Case law provides that, “In order to make a custodial disposition of the child at the time a dispositional judgment is entered, the juvenile court is required to find that the child is dependent at the time of the disposition.”
The juvenile court could continue to completely deprive the parents of the custody of the child only if the appropriate quantum of evidence established all three conditions:
- that the child remained dependent,
- that reasonable efforts at reunification had not succeeded, and
- that it was not in the best interests of the child to return to the parents’ custody.
In this case, the juvenile court made no express finding of dependency. Given the language used by the juvenile court in the final judgment, the Court agreed that was questionable whether the juvenile court impliedly found that the child remained dependent.
The Alabama Court of Appeals could not discern whether the juvenile court concluded that the child remained dependent based on the current circumstances of the mother.
Therefore, this case was remanded to the juvenile court and to determine whether the child remained dependent by entering the express findings of fact necessary to sustain its judgment.
About the author
Sam and his wife Mary Beth were inspired to establish The Adoption Law Firm during the process of adopting their first son, Robi (read more about their experience on the blog, Go Get Robi).
Sam and Mary Beth were exposed to the great need for loving families to adopt abandoned children at home and around the world. They began to dream of a law center that could zealously advocate for children to be placed in loving homes. Eventually, that dream became a reality.
The Adoption Law Firm exists to zealously advocate for orphaned children to be adopted into loving homes.
Samuel J. McLure, Esq.
- Thomas Goode Jones School of Law
J.D., Cum Laude
- Huntingdon College
B.A. Business Administration – International Business
- Alabama Attorney General Candidate (2018 Election Cycle)
- The Adoption Law Firm (2011 – Current)
- Lifeline Children’s Services (2015 – 2016)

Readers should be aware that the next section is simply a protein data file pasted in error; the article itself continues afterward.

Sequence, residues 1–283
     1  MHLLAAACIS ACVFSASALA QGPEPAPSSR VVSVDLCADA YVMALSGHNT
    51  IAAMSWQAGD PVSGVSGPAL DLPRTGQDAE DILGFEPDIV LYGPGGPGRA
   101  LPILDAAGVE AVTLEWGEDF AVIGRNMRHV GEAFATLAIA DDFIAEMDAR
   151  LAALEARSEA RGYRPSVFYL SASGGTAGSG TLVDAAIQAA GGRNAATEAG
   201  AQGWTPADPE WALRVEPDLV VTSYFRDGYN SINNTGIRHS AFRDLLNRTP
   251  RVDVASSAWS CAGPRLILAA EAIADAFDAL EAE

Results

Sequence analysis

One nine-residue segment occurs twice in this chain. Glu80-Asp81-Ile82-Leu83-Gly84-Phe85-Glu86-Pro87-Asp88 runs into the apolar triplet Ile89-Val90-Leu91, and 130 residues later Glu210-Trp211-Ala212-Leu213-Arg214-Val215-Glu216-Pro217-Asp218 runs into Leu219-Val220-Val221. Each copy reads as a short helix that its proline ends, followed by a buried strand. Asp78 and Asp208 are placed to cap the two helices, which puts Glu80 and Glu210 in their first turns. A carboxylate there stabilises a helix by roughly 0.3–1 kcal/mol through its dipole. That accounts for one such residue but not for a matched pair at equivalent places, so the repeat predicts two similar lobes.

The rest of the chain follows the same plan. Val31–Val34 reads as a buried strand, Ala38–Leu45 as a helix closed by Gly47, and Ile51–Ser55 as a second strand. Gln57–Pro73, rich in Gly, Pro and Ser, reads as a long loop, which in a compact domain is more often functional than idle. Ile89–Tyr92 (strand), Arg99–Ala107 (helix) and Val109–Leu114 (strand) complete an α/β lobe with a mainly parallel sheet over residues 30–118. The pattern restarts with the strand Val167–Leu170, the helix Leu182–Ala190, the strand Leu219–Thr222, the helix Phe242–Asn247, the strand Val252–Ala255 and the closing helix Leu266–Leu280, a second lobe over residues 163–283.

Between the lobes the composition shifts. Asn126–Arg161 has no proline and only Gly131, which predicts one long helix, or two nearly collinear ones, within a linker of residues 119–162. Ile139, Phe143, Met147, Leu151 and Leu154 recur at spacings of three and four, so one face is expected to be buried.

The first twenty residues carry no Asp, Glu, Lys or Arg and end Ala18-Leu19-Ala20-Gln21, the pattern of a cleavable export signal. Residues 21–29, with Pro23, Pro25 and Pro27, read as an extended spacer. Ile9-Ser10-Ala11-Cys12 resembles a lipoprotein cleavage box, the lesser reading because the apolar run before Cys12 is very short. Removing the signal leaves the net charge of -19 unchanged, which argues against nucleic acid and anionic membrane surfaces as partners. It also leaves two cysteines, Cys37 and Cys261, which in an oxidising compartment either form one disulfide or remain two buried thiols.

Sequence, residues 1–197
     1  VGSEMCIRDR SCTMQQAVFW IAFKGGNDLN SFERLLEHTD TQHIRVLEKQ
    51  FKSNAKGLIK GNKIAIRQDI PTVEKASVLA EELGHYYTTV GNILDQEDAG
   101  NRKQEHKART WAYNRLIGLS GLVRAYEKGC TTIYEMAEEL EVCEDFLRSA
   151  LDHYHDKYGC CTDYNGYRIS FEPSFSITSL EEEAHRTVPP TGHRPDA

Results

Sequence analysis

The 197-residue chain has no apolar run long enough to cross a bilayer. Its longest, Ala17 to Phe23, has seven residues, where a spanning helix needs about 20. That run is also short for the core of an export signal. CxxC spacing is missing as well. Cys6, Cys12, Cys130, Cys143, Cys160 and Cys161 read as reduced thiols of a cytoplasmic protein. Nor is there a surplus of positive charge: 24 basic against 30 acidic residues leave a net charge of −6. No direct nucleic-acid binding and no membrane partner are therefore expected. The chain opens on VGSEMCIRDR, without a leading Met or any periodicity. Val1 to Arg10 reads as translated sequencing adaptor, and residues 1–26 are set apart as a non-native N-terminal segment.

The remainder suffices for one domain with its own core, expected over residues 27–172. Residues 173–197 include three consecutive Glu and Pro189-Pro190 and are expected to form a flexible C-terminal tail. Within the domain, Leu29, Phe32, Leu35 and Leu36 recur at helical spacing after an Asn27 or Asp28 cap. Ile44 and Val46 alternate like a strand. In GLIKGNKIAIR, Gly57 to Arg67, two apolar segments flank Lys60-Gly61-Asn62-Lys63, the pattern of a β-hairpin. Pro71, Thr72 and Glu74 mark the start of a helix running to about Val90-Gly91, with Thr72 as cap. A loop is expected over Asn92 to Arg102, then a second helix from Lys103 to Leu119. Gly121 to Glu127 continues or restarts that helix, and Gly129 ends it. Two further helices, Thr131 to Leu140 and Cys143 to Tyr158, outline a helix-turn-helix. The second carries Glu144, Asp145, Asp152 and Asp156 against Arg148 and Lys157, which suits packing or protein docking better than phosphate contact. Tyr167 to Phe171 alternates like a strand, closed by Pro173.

Senior Legal Counsel
- Sasser, Sefton, Brown, Tipton, & Davis (Fall 2012)
Law Clerk – Corporate Litigation
- Jones Walker (Summer 2010)
Law Clerk – Banking & Finance
- Supreme Court of Alabama (Spring 2010)
Law Clerk Externship – Justice Smith
- Prof. Matt Vega – Jones School of Law (Fall 2009 – Spring 2010)
Research Assistant – Alien Tort Statute
- Office of the Attorney General of Alabama (Summer 2009)
Law Clerk Internship – White Collar Crime Division
- Alabama’s Political Candidates and Their Capacity to Care For Orphans, Alabama Political Reporter (April 25, 2017).
- The End of Orphan Care, Archdeacon Books (June 8, 2016).
- Absent Biological Fathers in Adoption: Noticing the Nuance of Notice, Faulkner Law Review, Vol. 6, Issue 2, pg. 305 (Spring 2015).
- Conviction and Contentment: Surveying Alabama’s Strategies to Care for Abused and Neglected Children, Alabama Today (May 22, 2015).
- State Constitutional Personhood Amendments and the Promotion of Justice in Alabama, Regent Journal of Law & Public Policy, Vol. 4, No. 1 (Spring 2012).
- Embracing Orphan Care & Adoption, River Region’s Journey, at pg. 22 (February 2012).
- What is the Cost of Adoption?, River Region’s Journey, at pg. 26 (February 2012).
- Adoption,Sav-A-Life of Montgomery, Inc., Vol. 26, Issue 11 (November 2011).
The End of Orphan Care, by Sam McLure
The End of Orphan Care, now available through Amazon, is perhaps the most comprehensive work on orphan care, to date.
Samuel E. Upchurch, Jr., Founder and Chairman of the Board Oakworth Capital Bank, states that:
“Sam McLure makes a scholarly case for Christians everywhere to follow the admonitions in James 1:27 to visit the orphans in their afflictions. McLure paints a picture which expands the definition of “orphans” and the meaning of “visit” and calls on the Church to care for the unborn, the fatherless and the at risk youth everywhere. I began reading this book to write an endorsement but, as one with an adopted grandchild, found much historical and theological support for adoption.”